OpenManage Enterprise Integration for VMware Virtual Center OverviewDownload PDF
Thu, 27 Apr 2023 19:52:10 -0000|
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OpenManage Enterprise Integration for VMware vCenter (OMEVV) offers extensive functionality to manage Dell PowerEdge server hardware and firmware from within VMware vCenter. Delivered as a simple virtual appliance, OpenManage Enterprise, with its integration for VMware vCenter plugin architecture, has no dependence on local software agent installations on the managed hosts. This tech note highlights the key features of the plugin which provides deep level details for inventory, monitoring, firmware updating, and deployment of Dell servers, all from within the vCenter console GUI.
IT administrators face many challenges managing physical servers in VMware environments. This process can be complex and time-consuming. VMware vCenter provides a scalable platform that forms the foundation for VMware software management of these environments. The addition of OpenManage Enterprise Integration for VMware vCenter allows IT administrators to manage both their virtual and physical infrastructure from within vCenter, thus dramatically simplifying overall management. Additional PowerEdge menu options are added in vCenter, alongside Dell server data, to monitor and manage physical servers. These options also include semi-automated updates of server firmware and bare-metal deployment of ESXi hypervisor on Dell PowerEdge servers, including modular systems.
OpenManage integration architecture
OpenManage Enterprise Integration for VMware vCenter is a plugin to the OpenManage Enterprise virtual appliance for server management. The OpenManage Enterprise virtual appliance is a virtual machine image that can be deployed easily containing Dell’s server management software. It can be installed on any ESXi, Microsoft Hyper-V, or Red Hat Linux KVM host.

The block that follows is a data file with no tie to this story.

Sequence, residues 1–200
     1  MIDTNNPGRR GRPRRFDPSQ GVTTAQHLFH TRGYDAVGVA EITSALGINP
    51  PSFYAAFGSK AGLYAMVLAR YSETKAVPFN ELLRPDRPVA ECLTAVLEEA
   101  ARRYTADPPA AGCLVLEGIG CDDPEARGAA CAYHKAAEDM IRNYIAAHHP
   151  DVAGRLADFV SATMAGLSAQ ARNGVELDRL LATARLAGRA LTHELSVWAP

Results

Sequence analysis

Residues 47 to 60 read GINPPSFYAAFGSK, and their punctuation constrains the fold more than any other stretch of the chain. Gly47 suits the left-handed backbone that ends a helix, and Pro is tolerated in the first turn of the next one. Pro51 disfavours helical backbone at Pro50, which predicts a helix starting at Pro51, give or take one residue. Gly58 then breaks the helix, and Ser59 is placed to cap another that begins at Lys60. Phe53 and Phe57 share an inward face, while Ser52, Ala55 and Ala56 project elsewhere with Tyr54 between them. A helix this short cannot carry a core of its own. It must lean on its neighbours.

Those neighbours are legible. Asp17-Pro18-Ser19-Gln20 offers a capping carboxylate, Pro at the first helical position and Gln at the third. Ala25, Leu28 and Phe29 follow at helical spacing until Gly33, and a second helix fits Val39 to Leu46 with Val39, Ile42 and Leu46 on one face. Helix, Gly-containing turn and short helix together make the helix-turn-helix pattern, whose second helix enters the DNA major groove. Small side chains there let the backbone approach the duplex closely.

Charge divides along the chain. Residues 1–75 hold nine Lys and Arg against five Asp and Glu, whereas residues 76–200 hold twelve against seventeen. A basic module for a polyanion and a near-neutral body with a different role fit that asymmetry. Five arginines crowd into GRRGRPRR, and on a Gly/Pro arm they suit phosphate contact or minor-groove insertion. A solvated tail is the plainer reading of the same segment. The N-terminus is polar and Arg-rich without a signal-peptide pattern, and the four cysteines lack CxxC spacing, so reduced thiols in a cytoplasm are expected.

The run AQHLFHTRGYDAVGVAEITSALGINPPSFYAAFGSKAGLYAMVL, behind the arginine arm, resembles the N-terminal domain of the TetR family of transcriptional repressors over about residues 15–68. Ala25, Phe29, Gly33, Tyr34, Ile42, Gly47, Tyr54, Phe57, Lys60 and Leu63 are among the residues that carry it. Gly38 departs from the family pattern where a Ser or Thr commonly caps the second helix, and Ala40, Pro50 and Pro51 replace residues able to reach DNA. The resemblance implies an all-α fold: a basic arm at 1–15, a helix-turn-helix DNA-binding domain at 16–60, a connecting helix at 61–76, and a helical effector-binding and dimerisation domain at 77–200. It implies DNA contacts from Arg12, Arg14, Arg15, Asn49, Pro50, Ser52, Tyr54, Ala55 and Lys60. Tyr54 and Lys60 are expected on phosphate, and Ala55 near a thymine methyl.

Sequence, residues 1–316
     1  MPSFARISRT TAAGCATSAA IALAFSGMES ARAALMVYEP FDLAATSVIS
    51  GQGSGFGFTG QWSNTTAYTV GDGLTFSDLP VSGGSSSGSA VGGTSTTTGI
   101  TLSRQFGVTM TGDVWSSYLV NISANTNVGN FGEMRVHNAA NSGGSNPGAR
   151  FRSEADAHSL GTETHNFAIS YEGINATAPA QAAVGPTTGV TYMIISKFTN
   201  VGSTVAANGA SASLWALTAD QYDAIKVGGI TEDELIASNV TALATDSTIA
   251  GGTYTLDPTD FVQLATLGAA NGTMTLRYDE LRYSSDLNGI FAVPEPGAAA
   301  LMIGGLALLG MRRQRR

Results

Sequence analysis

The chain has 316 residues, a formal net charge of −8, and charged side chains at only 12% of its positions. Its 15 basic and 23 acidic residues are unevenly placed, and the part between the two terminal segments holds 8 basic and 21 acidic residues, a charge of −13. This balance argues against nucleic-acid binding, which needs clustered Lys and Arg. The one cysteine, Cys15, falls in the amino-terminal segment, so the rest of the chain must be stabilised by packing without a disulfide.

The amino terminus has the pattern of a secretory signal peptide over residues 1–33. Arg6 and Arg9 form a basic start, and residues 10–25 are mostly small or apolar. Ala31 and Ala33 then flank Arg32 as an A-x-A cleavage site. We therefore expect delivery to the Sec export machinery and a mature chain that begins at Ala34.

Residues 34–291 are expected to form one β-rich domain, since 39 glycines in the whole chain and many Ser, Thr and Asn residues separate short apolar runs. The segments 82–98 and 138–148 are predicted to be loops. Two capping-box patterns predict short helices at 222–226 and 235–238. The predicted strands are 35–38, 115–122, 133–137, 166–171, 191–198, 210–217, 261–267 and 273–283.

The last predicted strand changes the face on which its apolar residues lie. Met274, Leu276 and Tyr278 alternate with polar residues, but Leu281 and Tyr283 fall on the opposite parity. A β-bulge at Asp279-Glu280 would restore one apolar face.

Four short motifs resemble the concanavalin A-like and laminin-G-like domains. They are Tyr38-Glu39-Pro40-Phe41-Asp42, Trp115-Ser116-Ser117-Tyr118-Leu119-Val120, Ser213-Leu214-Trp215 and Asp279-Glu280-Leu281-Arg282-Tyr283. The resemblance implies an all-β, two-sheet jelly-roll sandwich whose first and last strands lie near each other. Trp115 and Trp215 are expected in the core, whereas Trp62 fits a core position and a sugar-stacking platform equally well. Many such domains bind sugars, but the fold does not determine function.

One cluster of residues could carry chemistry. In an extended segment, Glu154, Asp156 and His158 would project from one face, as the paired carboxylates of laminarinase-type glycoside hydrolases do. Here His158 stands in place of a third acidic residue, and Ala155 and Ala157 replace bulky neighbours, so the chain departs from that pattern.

Figure 1. High level architecture (vRealize Aria, previously known as vROps or vRealize Operations, integration is expected to be released 2nd half 2023)
The OpenManage integration provides native integration into the vCenter Server console interface. It helps make the vCenter console the single pane of glass to manage both the virtual and physical environments. The integration goes beyond a simple “link and launch” to existing Dell system management tools. Instead, it brings server management tasks and server data natively into the vCenter console. An API interface is also supported for customers who want to automate or integrate with additional tools. VMware administrators do not need to learn to use additional tools for many of the PowerEdge management tasks because these are integrated into the menus that they are already familiar with within vCenter.
Managing Dell hosts
OpenManage Integration provides deep level details for inventory, monitoring, and alerting of Dell hosts (that is, physical servers) within vCenter and recommends or performs vCenter actions based on Dell hardware events. From the OpenManage Enterprise Plugin, administrators can view details of managed servers.
The dashboard view provides the health status of the monitored clusters and physical servers alongside host information, including warranty status. It also provides appliance information, such as the number of vCenters monitored, baseline compliance status, and OMEVV job status.
Figure 2. OMEVV Dashboard
At the Hosts & Chassis level, the view provides the health status of the physical server. It also displays server details including power status, iDRAC IP, model name, service tag, asset tag, warranty data, last inventory scan, ESXi Hypervisor version, and core firmware versions.
Figure 3. OMEVV list of managed hosts
The vSphere inventory view provides additional details. At the host level, the OMEVV host information view provides deeper server and component details, along with data, about local storage. It also includes server information, such as comprehensive firmware version reporting, power usage data, iDRAC IP address, Service Console IP, warranty type with expiration information, and recent system event log entries. The System Event Log (SEL) provides details such as iDRAC login events, firmware update jobs, and server reboots. Host subsystem health is displayed in the host summary area; detailed component health is available in OpenManage Enterprise.
Figure 4. OMEVV server and component health